Afghans renew call for support

April 23, 2004

Afghanistan's five universities are beset with corruption, underfunding and poor living conditions, despite the international community's expressed intentions.

In February, entrance exams taken by 40,000 prospective students were declared invalid after it was discovered that the questions had been sold.

More than 6,000 will have to resit the exams, according to Mohammed Sharif Fayez, the higher education minister.

The crisis follows protests against education ministry proposals to charge students for their hitherto free tuition. These in turn came in the wake of last November's student protests over living conditions at Kabul University.

Fifty years ago Kabul was considered Asia's finest university. It was built with US money, and British and French academics taught in 14 faculties with international links. But in spring 1992, mujaheddin guerrillas captured Kabul and the campus became a battlefield. Books and equipment were stolen, burnt or sold. The university never recovered.

"It will take us many years to catch up," said Mohammed Afzal Banuwal, vice-chancellor for academic affairs. "Our first problem is the salaries for our 400 professors and lecturers. Seventy per cent (of them) work with non-government organisations for extra money, and it is difficult for them to be here for the students.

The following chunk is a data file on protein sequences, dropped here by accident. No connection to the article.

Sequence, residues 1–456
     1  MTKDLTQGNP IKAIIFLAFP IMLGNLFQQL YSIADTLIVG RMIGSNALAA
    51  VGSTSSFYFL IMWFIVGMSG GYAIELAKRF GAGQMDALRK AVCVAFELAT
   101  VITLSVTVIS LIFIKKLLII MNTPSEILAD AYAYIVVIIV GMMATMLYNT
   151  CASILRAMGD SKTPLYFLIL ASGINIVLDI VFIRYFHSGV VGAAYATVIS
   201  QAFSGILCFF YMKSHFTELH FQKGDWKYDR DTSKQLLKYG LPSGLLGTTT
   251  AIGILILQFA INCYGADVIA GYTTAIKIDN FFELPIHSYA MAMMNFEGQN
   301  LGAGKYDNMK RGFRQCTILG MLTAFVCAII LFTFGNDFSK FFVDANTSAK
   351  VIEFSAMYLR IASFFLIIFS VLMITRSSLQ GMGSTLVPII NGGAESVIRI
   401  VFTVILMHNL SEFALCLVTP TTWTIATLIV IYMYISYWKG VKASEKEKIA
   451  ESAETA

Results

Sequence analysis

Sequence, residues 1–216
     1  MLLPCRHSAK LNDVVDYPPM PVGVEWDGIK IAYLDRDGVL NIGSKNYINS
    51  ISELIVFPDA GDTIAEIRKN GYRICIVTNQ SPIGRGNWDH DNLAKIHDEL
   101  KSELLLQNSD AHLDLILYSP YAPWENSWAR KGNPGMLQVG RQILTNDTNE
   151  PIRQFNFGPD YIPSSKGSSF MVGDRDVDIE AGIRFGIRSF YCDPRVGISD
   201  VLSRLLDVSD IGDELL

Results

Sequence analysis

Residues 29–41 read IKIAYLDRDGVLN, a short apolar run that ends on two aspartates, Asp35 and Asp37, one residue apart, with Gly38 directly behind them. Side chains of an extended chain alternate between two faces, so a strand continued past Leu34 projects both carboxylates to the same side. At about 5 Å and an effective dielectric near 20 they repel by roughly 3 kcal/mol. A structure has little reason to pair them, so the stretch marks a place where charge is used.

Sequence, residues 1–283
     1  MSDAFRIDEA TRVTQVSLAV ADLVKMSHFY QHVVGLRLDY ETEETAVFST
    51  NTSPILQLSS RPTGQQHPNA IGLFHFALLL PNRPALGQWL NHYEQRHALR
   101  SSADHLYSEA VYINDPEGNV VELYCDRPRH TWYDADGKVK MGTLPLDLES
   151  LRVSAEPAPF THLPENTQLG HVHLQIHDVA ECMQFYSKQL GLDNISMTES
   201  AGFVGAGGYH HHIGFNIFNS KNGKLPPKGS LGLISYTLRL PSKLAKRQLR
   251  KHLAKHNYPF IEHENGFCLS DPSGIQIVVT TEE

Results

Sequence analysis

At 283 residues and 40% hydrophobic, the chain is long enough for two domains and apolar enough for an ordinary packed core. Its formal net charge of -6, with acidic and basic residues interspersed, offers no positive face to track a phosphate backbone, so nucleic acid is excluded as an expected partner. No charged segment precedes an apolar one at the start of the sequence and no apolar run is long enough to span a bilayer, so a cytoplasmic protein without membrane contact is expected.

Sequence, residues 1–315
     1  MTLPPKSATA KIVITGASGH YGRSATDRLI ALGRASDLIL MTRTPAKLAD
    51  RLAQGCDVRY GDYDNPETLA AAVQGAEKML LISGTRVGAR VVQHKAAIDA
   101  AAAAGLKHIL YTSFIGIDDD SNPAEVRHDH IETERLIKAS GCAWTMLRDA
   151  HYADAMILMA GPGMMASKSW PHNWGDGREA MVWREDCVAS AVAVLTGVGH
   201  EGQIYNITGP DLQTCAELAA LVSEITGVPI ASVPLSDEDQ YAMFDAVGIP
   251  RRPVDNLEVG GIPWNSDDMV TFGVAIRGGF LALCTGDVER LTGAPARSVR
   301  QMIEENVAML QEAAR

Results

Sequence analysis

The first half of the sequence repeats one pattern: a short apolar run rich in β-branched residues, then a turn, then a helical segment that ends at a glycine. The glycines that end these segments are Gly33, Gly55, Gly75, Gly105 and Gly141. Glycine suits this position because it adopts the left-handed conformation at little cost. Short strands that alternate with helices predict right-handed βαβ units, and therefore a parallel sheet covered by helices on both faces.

"We want to bring new blood into the university and have had requests from academics in India to work here. We are desperate for them to come but can't afford to pay the salaries they are used to.

"We were expecting more support from the international academic community," Dr Banuwal said. "We need to bring our curriculum up to international standards and need help with that. We are starting from the beginning again but cannot do it alone."

Yet around the campus, signs proclaim cooperative projects with foreign institutes. Martin Hadlow, director of Unesco's Kabul office, said: "It's unfair to say there has been lack of support. Unesco has completely refurbished the faculty of journalism, and we sent eight professors overseas for re-skilling and teacher upgrading.

"We had an international book drive for the library and spent thousands of dollars in getting books delivered, and we have a full-time English-language teacher at the Education University. A lot of people have put a lot of effort into helping the higher education sector."

The German Academic Exchange Service has organised a retraining project for university staff in Germany and funded an information technology department. Several Berlin Universit students are training Afghan students to become IT instructors.

But Mr Hadlow said the key problem for higher education was to establish its priorities. "Can a country such as Afghanistan support more than one university? Perhaps it would be better to concentrate on vocational training, rather than turning out MA students," he said, adding that there was still the problem of rebuilding the physical infrastructure and reskilling academic staff.

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